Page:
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Destruction of Property
In recent years, large numbers of civilian properties have been destroyed in the course of hostilities and military operations, mostly in the Gaza Strip. Properties have also been subject to demolition or confiscation as part of the Israeli-imposed planning and zoning regime in Area C and East Jerusalem parts of the West Bank, and to punitive demolition or sealing following attacks on Israelis. In some areas, properties are also destroyed by settlers, who engage in politically-motivated attacks and, for example, set agricultural land on fire, leading to reduced access to services, loss of income and more.
The destruction of property in an occupied territory is prohibited under international humanitarian law, unless absolutely necessary for military operations. Although the humanitarian response to such practices includes the delivery of shelters, these have also been often subject to demolition or confiscation.
Articles, statements and press releases
Following a rise in Palestinian attacks since October 2015, and citing the need for deterrence and prevention, the Israeli authorities have implemented measures that penalize Palestinians for acts that they did not commit and for which they are not criminally responsible. These measures include the destruction of the family homes of Palestinians who carried out an attack or are suspected of carrying out or planning attacks, and the closure of localities where some of these suspects lived. These practices raise concerns about collective punishment, which is prohibited under Article 33 of the Fourth Geneva Convention.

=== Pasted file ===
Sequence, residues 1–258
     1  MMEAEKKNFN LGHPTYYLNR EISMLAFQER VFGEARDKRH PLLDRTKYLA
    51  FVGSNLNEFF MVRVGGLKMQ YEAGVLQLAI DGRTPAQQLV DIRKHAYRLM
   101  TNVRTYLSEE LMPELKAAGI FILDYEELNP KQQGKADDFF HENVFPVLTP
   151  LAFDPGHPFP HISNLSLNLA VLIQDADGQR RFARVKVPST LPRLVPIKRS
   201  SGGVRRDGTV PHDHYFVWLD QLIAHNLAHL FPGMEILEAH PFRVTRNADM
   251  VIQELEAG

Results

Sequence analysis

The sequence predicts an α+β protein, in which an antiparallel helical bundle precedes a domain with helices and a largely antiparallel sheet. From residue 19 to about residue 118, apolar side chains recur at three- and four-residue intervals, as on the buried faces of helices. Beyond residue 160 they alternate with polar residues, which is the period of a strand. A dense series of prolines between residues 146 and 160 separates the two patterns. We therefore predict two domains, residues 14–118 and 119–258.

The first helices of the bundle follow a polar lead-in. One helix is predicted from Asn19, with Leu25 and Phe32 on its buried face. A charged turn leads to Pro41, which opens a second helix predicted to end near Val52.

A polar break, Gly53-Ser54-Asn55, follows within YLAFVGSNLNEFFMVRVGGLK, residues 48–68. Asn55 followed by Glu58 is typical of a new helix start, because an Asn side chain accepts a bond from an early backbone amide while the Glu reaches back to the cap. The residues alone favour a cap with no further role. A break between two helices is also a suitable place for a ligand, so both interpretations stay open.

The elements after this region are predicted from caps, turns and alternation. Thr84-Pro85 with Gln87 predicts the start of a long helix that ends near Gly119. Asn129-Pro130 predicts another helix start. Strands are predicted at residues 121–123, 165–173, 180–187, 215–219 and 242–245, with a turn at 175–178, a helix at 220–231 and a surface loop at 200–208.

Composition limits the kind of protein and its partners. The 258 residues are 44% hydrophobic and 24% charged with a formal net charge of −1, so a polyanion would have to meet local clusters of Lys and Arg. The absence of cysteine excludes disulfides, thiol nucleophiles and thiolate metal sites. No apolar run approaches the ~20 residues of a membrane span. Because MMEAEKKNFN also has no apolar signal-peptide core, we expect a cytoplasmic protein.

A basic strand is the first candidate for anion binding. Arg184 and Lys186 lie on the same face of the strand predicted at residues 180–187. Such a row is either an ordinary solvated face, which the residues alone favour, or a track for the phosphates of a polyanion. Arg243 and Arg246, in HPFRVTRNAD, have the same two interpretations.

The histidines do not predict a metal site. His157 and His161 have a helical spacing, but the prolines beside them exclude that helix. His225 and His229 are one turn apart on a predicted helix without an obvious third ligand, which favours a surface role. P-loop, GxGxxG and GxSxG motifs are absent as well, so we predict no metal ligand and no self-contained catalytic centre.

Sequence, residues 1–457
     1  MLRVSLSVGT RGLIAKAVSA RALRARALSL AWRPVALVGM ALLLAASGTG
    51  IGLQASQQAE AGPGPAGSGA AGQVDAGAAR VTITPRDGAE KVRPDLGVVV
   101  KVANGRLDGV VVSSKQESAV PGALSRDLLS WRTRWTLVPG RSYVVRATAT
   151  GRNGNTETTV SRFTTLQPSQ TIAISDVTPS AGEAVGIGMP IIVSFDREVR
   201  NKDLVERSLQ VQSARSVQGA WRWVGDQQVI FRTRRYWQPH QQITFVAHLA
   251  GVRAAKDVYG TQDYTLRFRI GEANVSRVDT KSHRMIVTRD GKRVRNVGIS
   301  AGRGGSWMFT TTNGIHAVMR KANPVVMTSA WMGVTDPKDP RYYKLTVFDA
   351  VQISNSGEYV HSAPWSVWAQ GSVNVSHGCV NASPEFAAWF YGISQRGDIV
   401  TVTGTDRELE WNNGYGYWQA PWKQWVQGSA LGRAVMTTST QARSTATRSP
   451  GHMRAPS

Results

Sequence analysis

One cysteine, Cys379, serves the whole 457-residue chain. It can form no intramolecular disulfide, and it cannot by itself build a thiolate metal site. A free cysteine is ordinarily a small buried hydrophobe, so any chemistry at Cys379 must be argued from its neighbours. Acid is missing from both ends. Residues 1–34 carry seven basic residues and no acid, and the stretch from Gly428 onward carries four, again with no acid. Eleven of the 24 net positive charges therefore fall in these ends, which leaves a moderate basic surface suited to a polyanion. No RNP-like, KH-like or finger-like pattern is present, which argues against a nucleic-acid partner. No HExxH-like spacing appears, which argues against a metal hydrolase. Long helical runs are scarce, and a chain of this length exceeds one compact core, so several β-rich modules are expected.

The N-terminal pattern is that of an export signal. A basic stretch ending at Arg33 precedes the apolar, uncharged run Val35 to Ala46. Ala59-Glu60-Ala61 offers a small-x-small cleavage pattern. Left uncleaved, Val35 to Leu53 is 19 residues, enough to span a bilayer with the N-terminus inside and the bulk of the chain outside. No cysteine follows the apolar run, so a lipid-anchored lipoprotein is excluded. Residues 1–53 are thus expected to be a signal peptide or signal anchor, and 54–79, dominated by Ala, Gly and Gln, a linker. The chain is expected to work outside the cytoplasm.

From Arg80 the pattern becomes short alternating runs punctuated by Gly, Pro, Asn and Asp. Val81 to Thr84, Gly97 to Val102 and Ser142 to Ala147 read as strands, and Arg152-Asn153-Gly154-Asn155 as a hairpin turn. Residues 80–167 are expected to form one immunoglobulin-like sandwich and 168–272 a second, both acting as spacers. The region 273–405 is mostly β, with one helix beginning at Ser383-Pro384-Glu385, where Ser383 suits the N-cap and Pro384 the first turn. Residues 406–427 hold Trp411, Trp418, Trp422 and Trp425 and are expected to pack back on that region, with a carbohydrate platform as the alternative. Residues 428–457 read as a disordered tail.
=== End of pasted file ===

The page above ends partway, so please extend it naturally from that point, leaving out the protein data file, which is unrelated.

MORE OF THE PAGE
Since the beginning of 2017, a number of developments have generated additional pressure on Palestinian Bedouin communities located within and around the area designated by the Israeli authorities for the E1 settlement plan and the expansion of Ma’ale Adumim settlement in eastern Jerusalem governorate. The 18 communities in this area belong to a larger group of 46 Bedouin communities in the central West Bank, which the Israeli authorities seek to “relocate” to three designated sites.
On 22 February, the Coordinator for Humanitarian Aid and UN Development Activities for the occupied Palestinian territory, Robert Piper, and Director of UNRWA Operations in the West Bank, Scott Anderson, visited the Palestinian Bedouin community of Khan al Ahmar in Area C, in the immediate outskirts of East Jerusalem.
2016 trends affecting the humanitarian situation in the occupied Palestinian territory: Preliminary analysis of data collected by the United Nations Office for the Coordination of Humanitarian Affairs (OCHA) indicates that, during 2016 (until 28 December), the Israeli authorities demolished or seized 1,089 Palestinian-owned structures throughout the West Bank, including East Jerusalem, displacing 1,593 Palestinians and affecting the livelihoods of another 7,101. These are the highest West Bank demolition and displacement figures at least since OCHA started recording them in 2009. The vast majority of these structures were destroyed or seized for lack of Israeli-issued building permits.
In September and October 2016 the Israeli authorities confiscated, demolished, or forced Palestinians to demolish, 155 structures across the West Bank, displacing some 240 people, half them children, and otherwise affecting more than 350 people. All but two of these incidents took place on the grounds that no Israeli-issued building permits had been issued, which are almost impossible to obtain. Although the average number of structures targeted during the past two months is 25 per cent lower than the monthly average for the previous eight months (January-August), the cumulative figure since the beginning of 2016 is over 80 per cent higher than during all of 2015 and the highest since OCHA began its records of demolitions in 2009.